To sum it all up, many young children can adapt successfully to the demands of modern life. However, there are some vulnerable children for whom too much separation from parents may be harmful. Families have to be able provide for the special needs of these vulnerable children. This is the real meaning of putting the well-being of a child first in our lives.

Saturday, December 09, 2006

Study links mother's poor impulse control with obesity in children

Our motto at Parenting the At Risk Child is, "Model, Teach, Influence." If parents want their children to learn impulse control, they have to model it. There are seven things that give us pleasure that we have to learn to regulate our drives for during childhood and adolescence. These things are food, comfort, entertainment, affection, possessions, social dominance and sex. Parents have to model restraint and management of impulses in each of these areas.

In a recent paper published in the American Journal of Clinical Nutrition entitled, Like mother, like daughter: familial patterns of overweight are mediated by mothers' dietary dis inhibition.TM Cutting and coauthors discuss the role of maternal impulse control in daughter's obesity. These authors found that the correlation between a mother's obesity and a preschool daughter's obesity is mediated by mothers modeling poor control over eating impulses. Mothers who model restraint when it comes to food choices, have thinner, healthier children.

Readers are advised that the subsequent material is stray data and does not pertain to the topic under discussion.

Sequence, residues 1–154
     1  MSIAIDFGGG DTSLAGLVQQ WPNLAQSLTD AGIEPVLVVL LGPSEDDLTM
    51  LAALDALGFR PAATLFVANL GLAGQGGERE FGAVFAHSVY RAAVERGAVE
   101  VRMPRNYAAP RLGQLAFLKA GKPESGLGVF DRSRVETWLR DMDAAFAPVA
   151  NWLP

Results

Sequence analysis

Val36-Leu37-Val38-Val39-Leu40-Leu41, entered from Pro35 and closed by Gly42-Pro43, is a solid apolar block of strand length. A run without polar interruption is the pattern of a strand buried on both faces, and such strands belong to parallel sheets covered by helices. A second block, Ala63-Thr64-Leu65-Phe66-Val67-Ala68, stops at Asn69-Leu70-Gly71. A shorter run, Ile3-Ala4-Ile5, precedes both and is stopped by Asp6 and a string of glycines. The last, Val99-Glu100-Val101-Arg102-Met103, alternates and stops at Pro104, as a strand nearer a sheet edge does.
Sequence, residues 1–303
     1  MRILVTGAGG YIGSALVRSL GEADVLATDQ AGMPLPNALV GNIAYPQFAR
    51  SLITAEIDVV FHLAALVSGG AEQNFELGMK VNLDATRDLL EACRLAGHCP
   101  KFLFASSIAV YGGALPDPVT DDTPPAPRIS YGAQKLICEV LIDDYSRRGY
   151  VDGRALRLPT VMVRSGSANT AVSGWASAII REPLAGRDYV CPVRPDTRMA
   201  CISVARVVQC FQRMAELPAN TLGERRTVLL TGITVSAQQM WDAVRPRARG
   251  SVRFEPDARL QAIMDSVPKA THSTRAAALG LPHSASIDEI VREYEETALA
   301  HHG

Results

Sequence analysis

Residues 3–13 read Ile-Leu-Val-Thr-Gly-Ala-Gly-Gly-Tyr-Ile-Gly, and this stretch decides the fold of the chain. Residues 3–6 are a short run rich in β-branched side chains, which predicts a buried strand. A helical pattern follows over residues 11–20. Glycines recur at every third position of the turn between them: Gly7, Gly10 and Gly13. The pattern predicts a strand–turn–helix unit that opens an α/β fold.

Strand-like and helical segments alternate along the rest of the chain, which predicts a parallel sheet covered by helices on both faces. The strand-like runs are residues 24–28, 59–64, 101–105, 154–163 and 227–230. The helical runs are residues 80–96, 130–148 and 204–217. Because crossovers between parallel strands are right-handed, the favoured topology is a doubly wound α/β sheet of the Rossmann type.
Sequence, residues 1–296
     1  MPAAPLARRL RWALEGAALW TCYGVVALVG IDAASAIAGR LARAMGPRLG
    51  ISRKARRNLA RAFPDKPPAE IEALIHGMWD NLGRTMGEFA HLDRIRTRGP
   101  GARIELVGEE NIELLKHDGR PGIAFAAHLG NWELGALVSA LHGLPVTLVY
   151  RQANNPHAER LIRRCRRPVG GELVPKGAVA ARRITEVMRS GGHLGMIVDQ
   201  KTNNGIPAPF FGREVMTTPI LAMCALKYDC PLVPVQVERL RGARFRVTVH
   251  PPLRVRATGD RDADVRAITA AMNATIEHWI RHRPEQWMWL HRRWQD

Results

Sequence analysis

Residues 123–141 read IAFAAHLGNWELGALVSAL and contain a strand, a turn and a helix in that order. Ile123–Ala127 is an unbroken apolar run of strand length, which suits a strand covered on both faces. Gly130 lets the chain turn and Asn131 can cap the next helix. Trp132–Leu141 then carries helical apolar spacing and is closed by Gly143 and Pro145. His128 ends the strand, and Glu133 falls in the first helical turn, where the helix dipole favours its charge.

We live in a culture of hypocrisy. Personal qualities like being thin, not being sexually promiscuous, and doing well in school are all valued. These qualities all require impulse control. However the influences that surround us favor unrestrained gratification of all the drives. This hypocrisy gives rise to anorexia nervosa as well as obesity.

To help our children achieve the balance in pleasure that is essential for a healthy, productive life, we must help them learn pleasure in loving affection and restraint of the other basic drives. Restraint doesn't always mean deprivation. Restraint means not allowing any drive to control our behavior.